Start learning with our library of video tutorials taught by experts. Get started
Viewed by members. in countries. members currently watching.
Color is a fundamental element of our lives. Understanding how to use it for visual communication in a variety of contexts is essential for designers and artists. This course is about learning how to use color, not only to create more effective designs, but also to tell a story. Illustrator, professor, and author Mary Jane Begin explains how color intertwines with brand identity, how it affects the mood of a piece and directs the viewer's attention to areas of interest, and how it can connect images or create space between elements. She removes the mystery surrounding the color wheel and color relationships; shows how to layer, mix, and digitally alter color; and use light to integrate temperature, translucency, and contrast.
These lessons are applicable to a number of fields, including graphic design, photography, and illustration, and both traditional and digital media. Dive in and get a fresh look at color that is sure to revitalize your creativity and your work.
I've identified that we need contrast to see an image, but what draws us in to create a reaction and how does color affect this reaction? Let's start with shape and edge. When we're infants, we prefer to look at high-contrast edges and patterns. As time passes, we're able to understand information from shape by what is implied. Probably an important skill for our ancestors. Who needed to discern between friend and foe, creatures that are harmless, and ones that might enjoy you for dinner, and where solid ground begins and ends.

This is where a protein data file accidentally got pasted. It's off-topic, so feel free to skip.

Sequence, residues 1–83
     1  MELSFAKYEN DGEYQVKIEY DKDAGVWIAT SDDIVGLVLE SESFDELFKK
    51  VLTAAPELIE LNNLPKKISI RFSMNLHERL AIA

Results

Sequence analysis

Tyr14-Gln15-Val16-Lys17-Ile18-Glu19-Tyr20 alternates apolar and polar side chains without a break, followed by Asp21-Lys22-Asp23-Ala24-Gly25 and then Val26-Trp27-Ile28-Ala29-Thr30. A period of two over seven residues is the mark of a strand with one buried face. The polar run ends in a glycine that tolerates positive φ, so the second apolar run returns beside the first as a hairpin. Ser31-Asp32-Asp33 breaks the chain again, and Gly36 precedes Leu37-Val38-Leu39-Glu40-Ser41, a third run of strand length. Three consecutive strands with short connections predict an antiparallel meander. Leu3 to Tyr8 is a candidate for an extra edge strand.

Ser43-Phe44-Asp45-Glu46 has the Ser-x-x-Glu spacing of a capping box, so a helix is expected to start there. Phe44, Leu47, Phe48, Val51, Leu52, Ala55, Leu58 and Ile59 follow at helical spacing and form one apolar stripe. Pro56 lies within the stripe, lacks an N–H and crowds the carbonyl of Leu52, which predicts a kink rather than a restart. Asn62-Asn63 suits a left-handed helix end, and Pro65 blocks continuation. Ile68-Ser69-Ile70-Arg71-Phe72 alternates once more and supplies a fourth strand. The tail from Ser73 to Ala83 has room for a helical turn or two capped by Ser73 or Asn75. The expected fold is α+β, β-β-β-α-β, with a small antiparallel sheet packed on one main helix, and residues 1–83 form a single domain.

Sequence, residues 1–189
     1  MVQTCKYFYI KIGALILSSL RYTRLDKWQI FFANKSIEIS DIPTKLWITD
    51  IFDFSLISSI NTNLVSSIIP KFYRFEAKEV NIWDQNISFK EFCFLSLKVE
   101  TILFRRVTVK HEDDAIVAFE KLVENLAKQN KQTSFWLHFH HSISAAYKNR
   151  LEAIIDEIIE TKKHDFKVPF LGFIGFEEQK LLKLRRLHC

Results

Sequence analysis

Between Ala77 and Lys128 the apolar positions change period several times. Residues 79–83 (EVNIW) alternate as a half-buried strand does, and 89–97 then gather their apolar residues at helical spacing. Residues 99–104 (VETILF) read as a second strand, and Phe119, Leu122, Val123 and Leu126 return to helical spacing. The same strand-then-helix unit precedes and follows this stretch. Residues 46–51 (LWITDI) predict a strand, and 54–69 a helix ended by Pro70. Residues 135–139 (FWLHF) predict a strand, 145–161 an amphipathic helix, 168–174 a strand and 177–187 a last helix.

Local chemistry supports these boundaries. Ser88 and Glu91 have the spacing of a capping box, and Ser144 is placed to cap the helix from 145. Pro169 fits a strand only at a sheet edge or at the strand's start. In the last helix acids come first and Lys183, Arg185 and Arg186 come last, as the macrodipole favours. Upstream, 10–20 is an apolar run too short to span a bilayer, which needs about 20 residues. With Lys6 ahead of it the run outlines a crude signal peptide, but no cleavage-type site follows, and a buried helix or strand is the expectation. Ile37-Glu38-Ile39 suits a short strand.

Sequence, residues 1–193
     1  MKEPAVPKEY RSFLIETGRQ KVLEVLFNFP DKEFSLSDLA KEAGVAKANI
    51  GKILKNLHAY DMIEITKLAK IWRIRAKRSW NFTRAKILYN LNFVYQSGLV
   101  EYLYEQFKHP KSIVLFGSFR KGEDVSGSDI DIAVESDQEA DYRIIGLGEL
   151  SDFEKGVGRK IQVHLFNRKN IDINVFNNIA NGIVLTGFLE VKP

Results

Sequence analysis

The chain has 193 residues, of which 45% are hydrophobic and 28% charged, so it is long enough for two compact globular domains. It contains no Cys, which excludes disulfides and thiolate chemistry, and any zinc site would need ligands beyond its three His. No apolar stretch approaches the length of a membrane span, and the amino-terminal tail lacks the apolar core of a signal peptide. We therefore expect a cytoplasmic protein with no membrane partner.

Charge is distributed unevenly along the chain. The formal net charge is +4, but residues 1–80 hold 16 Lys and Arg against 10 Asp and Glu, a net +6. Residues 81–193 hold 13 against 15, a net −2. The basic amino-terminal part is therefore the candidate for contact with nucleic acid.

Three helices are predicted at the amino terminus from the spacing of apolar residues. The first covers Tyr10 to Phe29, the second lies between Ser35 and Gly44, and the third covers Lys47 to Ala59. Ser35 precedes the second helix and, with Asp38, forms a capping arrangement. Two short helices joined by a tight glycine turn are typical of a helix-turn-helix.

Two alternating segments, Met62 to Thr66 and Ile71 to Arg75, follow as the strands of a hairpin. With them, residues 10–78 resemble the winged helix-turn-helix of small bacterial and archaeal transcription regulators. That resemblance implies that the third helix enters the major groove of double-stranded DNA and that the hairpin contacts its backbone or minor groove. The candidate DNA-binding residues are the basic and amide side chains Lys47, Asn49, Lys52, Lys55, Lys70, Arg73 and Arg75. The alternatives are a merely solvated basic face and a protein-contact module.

As human beings we also pay close attention to hard and soft shapes. Sharp pointed things remind us of what could cause harm, and soft edges remind us of human and organic forms, things that could sustain us in body and spirit. It is no surprise that as a viewer we look at highest level of contrast first. Notice that we pay close attention to the bold words. Knowing this is essential to directing the viewer's attention through an image from highest level of contrast to lowest.
What draws our attention first needs to be what's most important for the viewer to pay attention to. It's a visual clue, and we need to plant it wisely.
There are currently no FAQs about Foundations of Color.
Access exercise files from a button right under the course name.
Search within course videos and transcripts, and jump right to the results.
Remove icons showing you already watched videos if you want to start over.
Make the video wide, narrow, full-screen, or pop the player out of the page into its own window.
Click on text in the transcript to jump to that spot in the video. As the video plays, the relevant spot in the transcript will be highlighted.